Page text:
We live in an era with almost unlimited access to data. Yet without their proper tagging and annotation, we often struggle to make effective use of most of it. Sometimes, the labels we have access to are not even the ones we really need to accomplish the task at hand. Asking human experts for input can be time-consuming and expensive, thus bringing to bear a need for better ways to handle and process unlabeled data.
In particular, successful methods in unsupervised domain adaptation can automatically recognize and adapt existing algorithms to systematic changes in the input. Furthermore, methods that can organize incoming streams of information allow us to derive insights with minimal manual labeling effort -- this is the notion of weakly supervised learning.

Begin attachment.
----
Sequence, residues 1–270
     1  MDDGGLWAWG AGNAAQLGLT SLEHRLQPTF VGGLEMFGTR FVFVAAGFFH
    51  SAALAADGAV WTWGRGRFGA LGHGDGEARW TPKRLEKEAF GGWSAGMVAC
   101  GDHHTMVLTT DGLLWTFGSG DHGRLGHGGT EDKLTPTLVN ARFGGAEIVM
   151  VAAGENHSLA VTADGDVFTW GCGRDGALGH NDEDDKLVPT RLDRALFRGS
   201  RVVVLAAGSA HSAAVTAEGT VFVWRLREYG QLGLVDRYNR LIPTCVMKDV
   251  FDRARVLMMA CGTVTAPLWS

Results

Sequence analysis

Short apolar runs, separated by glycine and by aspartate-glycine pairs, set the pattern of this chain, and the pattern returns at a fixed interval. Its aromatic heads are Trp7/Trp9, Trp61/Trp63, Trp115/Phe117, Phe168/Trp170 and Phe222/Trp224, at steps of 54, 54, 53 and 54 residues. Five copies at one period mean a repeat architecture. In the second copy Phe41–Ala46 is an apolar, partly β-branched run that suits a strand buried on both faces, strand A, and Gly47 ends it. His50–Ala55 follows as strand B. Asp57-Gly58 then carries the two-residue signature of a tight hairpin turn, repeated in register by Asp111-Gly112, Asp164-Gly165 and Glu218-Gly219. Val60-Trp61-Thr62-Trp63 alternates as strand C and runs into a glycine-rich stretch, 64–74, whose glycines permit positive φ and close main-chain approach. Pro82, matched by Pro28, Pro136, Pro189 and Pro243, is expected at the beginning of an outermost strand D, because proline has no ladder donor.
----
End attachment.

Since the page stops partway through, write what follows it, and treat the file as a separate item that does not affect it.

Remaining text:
In this thesis, we explore these two themes in the context of speaker and language recognition. First, we consider the problem of adapting an existing algorithm for speaker recognition to a systematic change in our input domain. Then we undertake the scenario in which we start with only unlabeled data and are allowed to select a subset of examples to be labeled, with the goal of minimizing the number of actively labeled examples needed to achieve acceptable speaker recognition performance. In this presentation, we will focus on the problem of language recognition, where we aim to decrease our reliance on transcribed speech via the use of a large-scale model for discovering sub-word units from multilingual data in an unsupervised manner. In doing so, we observe the impact of even small bits of linguistic knowledge and use this as inspiration to improve our sub-word unit discovery methods via the use of weak, pronunciation-equivalent constraints.
Thesis Supervisors: Dr. Jim Glass and Prof. Najim Dehak (now at Johns Hopkins University)